Exposure factors (mA, kVp, exposure time). An unnecessary increase in any of these factors results in an increase in film density. Object thickness: the larger the patient’s head, the more x-rays that are needed to produce an ideal film density Object density: determined by type of material (metal, tooth structure, composite, etc.) and by amount of material
FilmFog 0 Increased film density from causes other than exposure to the primary x-ray beam (scatter, improper safelighting, improper film storage, expired film) fog
0 II) Contrast The difference in densities (blackness) between various regions on a radiograph
0 High Contrast Short Scale Black and White (Few shades of gray) Best for caries detection
0 Low Contrast Long Scale Many shades of gray Best for periapical or periodontal evaluation
0 Film crystal size The faster film contain larger crystal size that produce less image sharpness, and vice versa. Unsharpness occur because the large crystals don’t produce object outline as well as smaller.
The importance of interpretation: Radiographic interpretation is an essential part of the diagnostic process. The ability to evaluate & recognize what is revealed by a radiograph enable us to detect diseases, lesions & conditions which can’t be identified clinically.
Interpretation Vs. Diagnosis: Interpretation refers to an explanation of what is viewed on a radiograph while diagnosis refers to the identification of disease by examination or analysis. In other words the interpretation is a step in the diagnosis.
Rules of radiographic interpretation The area to be examined must be completely shown at optimal angulations All the boundaries of the area of interest must be shown with normal structures around it. Knowing and familiarity with all normal anatomical landmarks as well as all various pathological conditions that may affect the area of interest. Optimum viewing condition.
Viewing condition: Ideally, should include the following:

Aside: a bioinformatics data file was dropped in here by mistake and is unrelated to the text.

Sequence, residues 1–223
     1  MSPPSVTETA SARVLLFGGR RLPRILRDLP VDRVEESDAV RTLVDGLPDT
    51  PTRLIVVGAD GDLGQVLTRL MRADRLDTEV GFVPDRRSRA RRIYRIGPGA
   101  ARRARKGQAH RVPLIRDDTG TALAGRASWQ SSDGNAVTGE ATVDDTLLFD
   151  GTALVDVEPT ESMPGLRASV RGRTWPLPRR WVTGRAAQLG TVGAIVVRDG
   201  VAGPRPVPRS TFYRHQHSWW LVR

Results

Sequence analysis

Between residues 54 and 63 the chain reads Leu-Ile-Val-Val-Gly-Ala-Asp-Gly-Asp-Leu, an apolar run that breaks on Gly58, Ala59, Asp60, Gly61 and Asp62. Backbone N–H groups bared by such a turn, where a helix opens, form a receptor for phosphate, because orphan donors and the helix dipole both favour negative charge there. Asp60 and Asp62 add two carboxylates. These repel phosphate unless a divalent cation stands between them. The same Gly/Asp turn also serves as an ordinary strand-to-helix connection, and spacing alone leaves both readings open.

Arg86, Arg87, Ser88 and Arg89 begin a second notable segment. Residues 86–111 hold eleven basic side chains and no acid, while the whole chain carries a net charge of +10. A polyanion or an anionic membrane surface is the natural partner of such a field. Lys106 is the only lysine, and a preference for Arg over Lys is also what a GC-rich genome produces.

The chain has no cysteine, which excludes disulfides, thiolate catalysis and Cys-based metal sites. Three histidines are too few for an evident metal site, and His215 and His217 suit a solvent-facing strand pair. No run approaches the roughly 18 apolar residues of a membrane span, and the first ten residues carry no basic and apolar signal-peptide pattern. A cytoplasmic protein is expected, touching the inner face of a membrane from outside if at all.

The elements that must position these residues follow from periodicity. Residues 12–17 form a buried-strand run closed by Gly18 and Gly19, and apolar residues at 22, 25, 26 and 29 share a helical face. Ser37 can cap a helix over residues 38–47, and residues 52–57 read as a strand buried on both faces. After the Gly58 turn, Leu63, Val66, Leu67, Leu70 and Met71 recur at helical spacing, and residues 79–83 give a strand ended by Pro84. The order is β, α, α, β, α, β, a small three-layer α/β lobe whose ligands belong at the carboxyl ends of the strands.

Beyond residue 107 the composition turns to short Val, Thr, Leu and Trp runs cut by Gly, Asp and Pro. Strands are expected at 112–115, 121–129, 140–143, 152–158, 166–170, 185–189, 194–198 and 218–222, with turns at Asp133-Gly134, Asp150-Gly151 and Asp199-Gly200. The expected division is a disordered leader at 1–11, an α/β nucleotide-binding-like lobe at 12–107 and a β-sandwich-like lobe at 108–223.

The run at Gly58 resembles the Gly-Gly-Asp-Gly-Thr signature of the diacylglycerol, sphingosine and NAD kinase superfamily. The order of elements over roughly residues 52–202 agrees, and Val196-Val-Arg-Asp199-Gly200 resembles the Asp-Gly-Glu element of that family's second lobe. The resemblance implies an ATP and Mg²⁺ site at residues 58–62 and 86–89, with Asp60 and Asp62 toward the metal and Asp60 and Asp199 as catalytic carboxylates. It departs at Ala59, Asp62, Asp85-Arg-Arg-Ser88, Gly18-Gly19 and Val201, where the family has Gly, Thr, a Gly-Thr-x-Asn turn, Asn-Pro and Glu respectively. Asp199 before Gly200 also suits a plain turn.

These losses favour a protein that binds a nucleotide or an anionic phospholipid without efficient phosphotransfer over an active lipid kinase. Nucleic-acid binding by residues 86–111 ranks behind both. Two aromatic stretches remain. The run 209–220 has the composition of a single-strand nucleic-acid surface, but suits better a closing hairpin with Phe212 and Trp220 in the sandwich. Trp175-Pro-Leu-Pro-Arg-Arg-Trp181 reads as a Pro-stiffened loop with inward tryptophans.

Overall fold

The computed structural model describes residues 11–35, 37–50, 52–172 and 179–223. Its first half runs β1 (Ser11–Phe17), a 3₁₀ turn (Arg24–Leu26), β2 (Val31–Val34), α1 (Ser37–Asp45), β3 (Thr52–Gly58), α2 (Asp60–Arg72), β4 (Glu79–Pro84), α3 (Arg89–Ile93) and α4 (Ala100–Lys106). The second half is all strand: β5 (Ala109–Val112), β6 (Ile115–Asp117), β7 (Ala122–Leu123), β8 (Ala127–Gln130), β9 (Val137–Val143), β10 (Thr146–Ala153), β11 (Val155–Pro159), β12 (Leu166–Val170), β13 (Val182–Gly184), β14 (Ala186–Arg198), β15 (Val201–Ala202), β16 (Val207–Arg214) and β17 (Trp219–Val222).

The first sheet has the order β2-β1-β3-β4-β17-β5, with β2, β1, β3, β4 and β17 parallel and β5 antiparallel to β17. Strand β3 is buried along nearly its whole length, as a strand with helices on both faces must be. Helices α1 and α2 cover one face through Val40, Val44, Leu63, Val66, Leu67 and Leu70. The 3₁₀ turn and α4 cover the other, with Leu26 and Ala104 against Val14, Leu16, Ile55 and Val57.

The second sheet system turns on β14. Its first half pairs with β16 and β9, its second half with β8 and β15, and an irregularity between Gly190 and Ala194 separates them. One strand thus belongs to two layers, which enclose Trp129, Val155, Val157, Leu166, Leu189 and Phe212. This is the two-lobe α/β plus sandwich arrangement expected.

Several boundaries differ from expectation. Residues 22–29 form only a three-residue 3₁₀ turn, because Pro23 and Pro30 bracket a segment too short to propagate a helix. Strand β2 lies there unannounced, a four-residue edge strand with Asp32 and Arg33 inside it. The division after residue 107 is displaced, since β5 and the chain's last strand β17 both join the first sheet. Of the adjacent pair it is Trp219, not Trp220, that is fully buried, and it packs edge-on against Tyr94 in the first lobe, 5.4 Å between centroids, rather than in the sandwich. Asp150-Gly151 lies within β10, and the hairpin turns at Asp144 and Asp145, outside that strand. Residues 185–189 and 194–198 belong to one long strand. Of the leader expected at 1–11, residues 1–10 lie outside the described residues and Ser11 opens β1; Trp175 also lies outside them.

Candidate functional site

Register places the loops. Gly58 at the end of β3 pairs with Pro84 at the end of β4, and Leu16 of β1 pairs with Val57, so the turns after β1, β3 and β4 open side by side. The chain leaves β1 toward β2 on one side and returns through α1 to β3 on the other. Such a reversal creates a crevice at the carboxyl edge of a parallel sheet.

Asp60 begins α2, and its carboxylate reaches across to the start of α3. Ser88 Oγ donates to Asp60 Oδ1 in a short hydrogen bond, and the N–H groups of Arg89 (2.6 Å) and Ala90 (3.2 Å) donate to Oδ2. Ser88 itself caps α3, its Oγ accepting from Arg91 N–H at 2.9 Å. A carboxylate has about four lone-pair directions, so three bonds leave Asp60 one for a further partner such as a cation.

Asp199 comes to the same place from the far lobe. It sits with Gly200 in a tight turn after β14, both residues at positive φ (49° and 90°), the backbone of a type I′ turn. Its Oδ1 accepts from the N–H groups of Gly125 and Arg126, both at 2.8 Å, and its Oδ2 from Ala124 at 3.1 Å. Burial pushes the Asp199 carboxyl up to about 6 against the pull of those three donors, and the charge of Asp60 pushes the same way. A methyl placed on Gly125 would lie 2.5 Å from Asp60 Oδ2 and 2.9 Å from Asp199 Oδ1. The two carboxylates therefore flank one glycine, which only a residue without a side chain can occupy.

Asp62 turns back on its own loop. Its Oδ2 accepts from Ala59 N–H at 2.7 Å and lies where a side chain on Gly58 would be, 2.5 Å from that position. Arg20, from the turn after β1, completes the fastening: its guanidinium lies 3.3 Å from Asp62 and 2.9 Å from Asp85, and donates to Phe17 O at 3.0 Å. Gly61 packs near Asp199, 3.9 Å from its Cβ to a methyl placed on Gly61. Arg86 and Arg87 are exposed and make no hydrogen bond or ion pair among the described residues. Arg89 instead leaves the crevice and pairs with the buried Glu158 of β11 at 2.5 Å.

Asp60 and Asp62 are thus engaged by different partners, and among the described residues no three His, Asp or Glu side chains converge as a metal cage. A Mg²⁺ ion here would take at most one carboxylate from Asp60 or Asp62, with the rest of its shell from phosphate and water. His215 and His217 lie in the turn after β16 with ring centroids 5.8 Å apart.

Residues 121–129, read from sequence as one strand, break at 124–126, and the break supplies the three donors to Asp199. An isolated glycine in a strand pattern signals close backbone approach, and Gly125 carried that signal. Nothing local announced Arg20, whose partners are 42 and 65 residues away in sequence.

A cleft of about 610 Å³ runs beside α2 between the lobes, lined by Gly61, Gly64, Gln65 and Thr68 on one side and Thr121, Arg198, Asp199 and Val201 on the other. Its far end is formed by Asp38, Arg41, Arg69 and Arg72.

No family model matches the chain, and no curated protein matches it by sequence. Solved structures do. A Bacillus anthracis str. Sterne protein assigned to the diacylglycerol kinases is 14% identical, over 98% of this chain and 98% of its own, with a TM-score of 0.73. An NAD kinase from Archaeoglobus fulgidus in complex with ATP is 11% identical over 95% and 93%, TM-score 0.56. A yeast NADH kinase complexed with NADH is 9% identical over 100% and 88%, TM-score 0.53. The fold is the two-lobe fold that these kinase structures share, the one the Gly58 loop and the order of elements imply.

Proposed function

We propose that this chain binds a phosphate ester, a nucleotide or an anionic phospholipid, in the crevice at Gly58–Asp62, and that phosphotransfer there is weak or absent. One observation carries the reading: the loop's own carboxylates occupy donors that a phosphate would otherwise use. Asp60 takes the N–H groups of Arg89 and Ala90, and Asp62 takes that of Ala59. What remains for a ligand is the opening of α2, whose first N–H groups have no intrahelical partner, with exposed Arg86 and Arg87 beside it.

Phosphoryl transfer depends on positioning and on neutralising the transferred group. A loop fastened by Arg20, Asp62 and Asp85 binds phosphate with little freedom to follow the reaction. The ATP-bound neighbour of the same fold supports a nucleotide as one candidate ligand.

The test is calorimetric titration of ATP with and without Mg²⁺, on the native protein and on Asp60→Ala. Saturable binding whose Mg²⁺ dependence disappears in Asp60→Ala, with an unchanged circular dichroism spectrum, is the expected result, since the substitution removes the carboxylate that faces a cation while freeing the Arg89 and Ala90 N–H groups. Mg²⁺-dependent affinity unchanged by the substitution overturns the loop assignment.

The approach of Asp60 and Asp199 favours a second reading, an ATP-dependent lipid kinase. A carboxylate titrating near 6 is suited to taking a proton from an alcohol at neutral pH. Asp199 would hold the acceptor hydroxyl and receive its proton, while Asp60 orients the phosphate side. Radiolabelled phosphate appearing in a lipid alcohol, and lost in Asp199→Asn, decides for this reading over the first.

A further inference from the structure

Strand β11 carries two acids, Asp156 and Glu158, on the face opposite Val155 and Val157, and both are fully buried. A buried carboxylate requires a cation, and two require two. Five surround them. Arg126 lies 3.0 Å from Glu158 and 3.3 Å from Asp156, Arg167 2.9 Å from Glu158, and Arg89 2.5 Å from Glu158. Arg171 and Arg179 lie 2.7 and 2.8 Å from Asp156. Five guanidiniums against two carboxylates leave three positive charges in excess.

Image Analysis: The first step in image analysis is to use a systemic approach to identify all the normal anatomy present in an image. Avoid limiting your attention to one particular region of the film.
Steps of interpretation Localization. Observation. General consideration. Interpretation. Correlation.
Localization Localized or generalized Position in the jaw Single or multiple Size
How to identify the position of the periapical film? Embossed dot identify right from left and the anatomical land mark to identify the jaw and the area.
Observation All shadows, other than the localized shadows of the normal landmarks must be observed. For example: shadows in crowns, cervical area, roots, restorations, size of root canals, periodontal membrane space, periapical area, alveolar crest, foreign bodies, integrity of bone …………
A radiograph shows only 2 dimensions of a 3 dimensional object (width and height but not the depth)
Cervical burnout: usually appears as cervical RL and misinterpreted by caries; this occurs due to less density and more penetration of rays.
Pulp exposure never to be determined from radiograph but only the proximity to the pulp.
Interpretation Studying the features of teeth and bone: Teeth Study the whole tooth,(crown, root enamel, pulp….), number of teeth and finally supporting structures, (Periodontal membrane space, lamina dura, alveolar crest)
Bone Changes in bone may include: 1- Changes in density. 2- Changes in the margin 3- Changes inside the lesion. 4- Effect on surrounding tissues. 5- Changes in structure